On February 21st, 2020 over 400 computer programmers met for a hackathon in the Frank Porter Graham Student Union at the University of North Carolina at Chapel Hill. The catch—this wasn’t just any hackathon—this was Pearl Hacks.
Peal Hacks is a hackathon designed specifically for women and non-binary people at UNC-CH.
Women and non-binary people make up a minority of the workforce in STEM (Science, Technology, Engineering and Mathematics) fields.
The UNESCO Institute for Statistics reports that in every region of the world, women account for a minority of scientific research. A similar gender gap is seen in women pursuing higher education in STEM fields. Research suggests long-standing gender stereotypes are to blame for women being steering away from these fields.
Acknowledging a significant gender disparity in the computer science major at UNC-CH, events like Pearl Hacks attempt to create a supportive environment for these minorities to explore technology. The event is also a way to recognize these communities’ accomplishments and contributions to the field.
Pearl Hacks, founded by a UNC alumna in 2014, has been a part of the computer science department’s push to close the gender gap. Over the last four years the department has seen the percentage of female students majoring in computer science rise from 15% in 2014 to nearly 30% this year.
Pearl Hacks 7th annual event went a little like this.
The three-day event encouraged participants to form teams of four and design and build a project or “hack” in just 24 hours. Sponsors for the event presented specific challenges/themes/prompts to the teams and offered prizes for the best hack. As some teams started designing and building their projects, others attended workshops throughout the weekend presented by faculty, alumni, current students or sponsor representatives. Participants could also meet sponsor representatives and make connections with their dream companies at the sponsor fair.
“It doesn’t mean there aren’t women in tech, we’re definitely here, and we’re definitely doing things"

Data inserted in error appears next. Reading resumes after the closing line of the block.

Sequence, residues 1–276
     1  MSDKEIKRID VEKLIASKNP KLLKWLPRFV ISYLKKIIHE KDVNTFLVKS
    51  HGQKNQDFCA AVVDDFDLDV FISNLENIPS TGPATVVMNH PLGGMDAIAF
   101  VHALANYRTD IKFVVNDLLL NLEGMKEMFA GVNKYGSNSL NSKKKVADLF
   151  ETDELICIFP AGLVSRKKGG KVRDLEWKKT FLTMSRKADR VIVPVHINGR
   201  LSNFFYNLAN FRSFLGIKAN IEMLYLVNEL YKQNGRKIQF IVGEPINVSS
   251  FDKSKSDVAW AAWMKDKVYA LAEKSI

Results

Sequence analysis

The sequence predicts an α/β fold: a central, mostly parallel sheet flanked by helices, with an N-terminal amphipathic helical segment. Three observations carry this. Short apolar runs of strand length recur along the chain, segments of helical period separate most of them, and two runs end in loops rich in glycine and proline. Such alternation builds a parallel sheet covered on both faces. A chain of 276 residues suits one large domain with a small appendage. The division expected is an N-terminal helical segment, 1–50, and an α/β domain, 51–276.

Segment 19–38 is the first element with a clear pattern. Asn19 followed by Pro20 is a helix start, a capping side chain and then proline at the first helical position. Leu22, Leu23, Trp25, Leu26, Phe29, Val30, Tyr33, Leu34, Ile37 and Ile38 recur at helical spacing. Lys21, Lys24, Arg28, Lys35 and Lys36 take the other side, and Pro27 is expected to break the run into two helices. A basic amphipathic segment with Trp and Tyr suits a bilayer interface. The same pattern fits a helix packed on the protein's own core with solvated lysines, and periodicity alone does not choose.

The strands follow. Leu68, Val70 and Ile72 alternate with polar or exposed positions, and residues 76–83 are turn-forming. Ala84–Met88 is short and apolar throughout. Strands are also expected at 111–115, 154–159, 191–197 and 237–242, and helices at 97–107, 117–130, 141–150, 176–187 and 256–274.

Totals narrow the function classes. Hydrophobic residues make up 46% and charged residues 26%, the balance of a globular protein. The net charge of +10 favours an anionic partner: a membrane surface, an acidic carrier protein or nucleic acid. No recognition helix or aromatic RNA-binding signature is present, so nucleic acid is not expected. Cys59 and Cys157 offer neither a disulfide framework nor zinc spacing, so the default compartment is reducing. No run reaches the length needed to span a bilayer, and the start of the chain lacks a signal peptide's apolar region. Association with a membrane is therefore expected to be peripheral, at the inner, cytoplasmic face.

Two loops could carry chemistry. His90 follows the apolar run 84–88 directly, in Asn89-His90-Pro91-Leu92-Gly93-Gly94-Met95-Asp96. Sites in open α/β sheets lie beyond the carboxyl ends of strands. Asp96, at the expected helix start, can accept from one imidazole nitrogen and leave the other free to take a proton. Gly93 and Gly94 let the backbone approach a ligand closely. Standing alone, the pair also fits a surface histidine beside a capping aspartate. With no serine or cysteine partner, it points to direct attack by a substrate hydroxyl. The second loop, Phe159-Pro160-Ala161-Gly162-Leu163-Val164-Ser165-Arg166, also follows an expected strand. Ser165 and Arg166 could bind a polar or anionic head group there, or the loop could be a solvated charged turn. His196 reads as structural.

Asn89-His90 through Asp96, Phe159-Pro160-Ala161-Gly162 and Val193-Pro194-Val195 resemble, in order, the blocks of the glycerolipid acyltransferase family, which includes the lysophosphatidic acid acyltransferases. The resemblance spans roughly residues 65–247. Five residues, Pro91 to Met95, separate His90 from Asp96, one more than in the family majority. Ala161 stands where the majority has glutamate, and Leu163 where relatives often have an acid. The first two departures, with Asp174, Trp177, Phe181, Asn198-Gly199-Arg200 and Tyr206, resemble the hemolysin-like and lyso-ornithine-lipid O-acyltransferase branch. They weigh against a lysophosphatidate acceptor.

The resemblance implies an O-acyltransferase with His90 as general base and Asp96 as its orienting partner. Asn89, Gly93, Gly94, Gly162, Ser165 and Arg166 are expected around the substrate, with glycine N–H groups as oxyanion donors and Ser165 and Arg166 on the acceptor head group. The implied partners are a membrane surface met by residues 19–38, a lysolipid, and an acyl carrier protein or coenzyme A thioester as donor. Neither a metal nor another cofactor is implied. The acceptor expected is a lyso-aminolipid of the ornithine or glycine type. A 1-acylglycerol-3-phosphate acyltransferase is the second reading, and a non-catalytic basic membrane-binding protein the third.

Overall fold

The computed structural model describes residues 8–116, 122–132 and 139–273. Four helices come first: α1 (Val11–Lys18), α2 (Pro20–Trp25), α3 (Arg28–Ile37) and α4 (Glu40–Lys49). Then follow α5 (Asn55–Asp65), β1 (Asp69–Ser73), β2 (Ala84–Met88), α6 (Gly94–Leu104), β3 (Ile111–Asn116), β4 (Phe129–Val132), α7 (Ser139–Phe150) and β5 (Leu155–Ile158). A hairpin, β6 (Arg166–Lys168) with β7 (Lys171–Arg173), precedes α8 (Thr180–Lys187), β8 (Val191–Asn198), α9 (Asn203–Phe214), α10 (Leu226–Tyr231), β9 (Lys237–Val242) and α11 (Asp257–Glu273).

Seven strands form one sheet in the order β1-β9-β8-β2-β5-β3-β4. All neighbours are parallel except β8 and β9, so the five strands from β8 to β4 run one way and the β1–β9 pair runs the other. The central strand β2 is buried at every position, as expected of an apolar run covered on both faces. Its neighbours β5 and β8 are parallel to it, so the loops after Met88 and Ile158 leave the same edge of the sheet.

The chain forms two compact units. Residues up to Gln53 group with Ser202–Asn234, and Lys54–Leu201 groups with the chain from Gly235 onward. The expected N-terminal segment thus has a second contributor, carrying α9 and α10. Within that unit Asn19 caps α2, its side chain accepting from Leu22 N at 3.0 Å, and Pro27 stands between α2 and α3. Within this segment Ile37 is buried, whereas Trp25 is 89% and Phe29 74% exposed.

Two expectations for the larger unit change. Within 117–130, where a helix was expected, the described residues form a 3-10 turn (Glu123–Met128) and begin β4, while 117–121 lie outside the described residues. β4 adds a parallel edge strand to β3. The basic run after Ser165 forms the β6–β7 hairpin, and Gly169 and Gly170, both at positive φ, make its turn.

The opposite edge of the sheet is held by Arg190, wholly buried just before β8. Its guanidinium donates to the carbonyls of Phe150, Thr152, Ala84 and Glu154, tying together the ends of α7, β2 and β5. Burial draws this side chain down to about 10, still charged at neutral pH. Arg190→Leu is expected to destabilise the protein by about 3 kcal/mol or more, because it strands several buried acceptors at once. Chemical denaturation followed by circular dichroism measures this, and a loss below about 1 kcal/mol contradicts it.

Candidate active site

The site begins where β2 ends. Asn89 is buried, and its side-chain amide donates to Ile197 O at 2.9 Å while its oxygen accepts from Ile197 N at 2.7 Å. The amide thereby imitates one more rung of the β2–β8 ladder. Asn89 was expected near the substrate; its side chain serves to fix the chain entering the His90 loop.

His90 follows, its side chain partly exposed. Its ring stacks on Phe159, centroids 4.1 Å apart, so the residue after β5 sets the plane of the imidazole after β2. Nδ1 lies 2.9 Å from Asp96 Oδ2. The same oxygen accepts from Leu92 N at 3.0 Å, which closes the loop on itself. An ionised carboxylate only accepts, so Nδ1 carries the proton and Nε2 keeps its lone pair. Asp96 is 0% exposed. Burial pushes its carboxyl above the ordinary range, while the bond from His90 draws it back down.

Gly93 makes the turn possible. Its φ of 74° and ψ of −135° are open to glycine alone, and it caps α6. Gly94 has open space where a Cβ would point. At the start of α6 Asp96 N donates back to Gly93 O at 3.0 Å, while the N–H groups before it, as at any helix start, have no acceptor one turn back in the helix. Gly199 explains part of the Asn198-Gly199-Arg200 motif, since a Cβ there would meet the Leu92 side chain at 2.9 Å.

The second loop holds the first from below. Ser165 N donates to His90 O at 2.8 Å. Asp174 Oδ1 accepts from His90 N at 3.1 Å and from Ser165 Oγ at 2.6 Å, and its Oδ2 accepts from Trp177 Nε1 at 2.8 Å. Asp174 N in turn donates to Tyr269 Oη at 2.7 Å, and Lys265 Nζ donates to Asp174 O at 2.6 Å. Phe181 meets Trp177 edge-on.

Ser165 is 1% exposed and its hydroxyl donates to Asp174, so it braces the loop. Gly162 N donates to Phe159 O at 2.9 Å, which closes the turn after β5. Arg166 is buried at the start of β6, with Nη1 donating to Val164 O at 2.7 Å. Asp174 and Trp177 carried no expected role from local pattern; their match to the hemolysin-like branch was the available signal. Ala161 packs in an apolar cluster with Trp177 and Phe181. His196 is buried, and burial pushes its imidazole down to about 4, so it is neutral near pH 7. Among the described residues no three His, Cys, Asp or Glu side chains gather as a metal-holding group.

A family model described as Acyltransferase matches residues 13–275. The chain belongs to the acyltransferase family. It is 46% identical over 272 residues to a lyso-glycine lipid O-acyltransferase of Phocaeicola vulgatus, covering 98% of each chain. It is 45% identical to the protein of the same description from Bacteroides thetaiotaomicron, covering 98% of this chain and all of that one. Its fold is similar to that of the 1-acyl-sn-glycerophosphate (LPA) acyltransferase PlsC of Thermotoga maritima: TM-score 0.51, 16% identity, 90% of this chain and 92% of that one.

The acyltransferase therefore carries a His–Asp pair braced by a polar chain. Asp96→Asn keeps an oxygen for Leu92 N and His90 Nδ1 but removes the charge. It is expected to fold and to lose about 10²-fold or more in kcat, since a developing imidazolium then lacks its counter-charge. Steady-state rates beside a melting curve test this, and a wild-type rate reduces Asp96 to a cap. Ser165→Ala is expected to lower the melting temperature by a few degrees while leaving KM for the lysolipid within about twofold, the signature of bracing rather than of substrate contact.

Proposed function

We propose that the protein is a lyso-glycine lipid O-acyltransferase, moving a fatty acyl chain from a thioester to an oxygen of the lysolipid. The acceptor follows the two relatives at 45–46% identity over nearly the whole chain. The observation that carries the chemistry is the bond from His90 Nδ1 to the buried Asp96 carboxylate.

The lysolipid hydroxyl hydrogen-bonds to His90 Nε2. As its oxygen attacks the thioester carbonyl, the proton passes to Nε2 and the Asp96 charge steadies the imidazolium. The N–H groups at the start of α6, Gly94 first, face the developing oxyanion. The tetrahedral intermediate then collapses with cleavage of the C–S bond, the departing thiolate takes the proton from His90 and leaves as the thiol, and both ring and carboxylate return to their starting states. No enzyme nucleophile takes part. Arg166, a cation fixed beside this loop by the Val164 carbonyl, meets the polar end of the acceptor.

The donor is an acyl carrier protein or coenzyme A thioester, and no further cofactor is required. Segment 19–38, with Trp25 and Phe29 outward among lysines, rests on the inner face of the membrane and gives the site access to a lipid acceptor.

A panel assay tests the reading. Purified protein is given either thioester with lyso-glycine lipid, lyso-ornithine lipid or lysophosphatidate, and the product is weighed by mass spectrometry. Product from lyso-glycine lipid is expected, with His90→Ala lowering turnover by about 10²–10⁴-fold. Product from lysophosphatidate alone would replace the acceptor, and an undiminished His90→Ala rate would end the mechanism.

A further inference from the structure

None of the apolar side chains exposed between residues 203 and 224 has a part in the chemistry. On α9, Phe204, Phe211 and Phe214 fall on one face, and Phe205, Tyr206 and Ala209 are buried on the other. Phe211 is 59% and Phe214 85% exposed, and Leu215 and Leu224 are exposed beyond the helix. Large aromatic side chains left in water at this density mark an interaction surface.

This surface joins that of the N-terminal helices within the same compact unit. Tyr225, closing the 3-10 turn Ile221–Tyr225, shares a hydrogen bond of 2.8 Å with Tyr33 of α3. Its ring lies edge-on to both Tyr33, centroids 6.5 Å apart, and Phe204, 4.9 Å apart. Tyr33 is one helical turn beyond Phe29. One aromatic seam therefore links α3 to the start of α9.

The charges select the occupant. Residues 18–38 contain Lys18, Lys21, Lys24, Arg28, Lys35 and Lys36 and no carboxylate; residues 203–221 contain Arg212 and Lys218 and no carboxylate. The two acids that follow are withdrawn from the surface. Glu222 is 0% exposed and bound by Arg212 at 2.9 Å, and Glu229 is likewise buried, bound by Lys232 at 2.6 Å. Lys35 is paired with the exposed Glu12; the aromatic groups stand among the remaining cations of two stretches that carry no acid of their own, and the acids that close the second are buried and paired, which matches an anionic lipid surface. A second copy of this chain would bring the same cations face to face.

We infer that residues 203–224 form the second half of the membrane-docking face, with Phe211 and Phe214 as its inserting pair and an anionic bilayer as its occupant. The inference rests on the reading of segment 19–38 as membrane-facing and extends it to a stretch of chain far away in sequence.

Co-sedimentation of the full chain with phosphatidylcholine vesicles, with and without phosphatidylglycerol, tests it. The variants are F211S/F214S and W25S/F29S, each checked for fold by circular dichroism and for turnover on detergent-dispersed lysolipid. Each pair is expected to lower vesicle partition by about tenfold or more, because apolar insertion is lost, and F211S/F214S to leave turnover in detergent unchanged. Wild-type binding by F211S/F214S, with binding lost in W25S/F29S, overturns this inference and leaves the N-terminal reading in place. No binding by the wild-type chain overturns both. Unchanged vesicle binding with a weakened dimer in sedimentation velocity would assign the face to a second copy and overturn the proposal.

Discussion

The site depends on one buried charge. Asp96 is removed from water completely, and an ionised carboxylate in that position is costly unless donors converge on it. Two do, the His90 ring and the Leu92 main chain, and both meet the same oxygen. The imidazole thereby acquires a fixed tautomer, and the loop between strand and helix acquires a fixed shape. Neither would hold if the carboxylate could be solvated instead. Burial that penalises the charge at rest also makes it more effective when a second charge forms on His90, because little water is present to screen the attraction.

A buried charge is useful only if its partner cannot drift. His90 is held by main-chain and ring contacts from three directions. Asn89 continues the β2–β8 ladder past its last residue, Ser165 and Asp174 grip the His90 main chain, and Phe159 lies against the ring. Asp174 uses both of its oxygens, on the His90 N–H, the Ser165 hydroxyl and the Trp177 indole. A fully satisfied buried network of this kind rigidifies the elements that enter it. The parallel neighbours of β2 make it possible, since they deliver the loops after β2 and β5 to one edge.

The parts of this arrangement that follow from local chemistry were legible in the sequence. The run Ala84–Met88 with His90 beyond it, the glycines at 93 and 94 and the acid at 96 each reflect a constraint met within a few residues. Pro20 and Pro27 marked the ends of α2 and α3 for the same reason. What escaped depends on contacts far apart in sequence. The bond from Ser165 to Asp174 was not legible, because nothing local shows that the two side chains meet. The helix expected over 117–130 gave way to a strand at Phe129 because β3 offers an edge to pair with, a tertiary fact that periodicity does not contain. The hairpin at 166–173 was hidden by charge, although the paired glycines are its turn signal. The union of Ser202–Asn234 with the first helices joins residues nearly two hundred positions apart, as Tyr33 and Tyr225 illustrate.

When asked about her perception of the gender gap in computer science, first-time Pearl Hacks attendee and computer science major, Neha Medikayla said, “I think there are a lot of stereotypes and limitations especially for women, as the field has been dominated by men for so long.”
“I have definitely noticed that there are significantly more men in my classes,” senior computer science and psychology major Emily Heckel said. “It doesn’t mean there aren’t women in tech, we’re definitely here, and we’re definitely doing things, but it’s kind of intimidating when you are the only woman.”
Bea Manaligod, Director of Marketing for Pearl Hacks, describes Pearl Hacks as a response to the gender gap, and a way to get more female and non-binary representation in the field. Manaligod said in order to combat the stereotypes, the tech field needs to become less scary and elitist.
“Pearl Hacks really fosters this awesome sense of community,” she says. As the director of marketing she described one of her jobs as presenting the event in the most exciting and accessible way for new-comers and non-coders.
Gentry, Dana, and Hannah McClellan. “UNC Comp Sci Department Works to Close Gender Gap.” The Daily Tar Heel, 20 Mar. 2018, www.dailytarheel.com/article/2018/03/sqjkqvyj0kqv6zw.
Carroll, Kate. “Pearl Hacks Preps for 7th Annual Female and Non-Binary Hackathon.” The Daily Tar Heel, 7 Feb. 2020, www.dailytarheel.com/article/2020/02/pearl-hacks-0206.
Wood, Johnny. “How Many Women Work in STEM?” World Economic Forum, www.weforum.org/agenda/2020/02/stem-gender-inequality-researchers-bias/.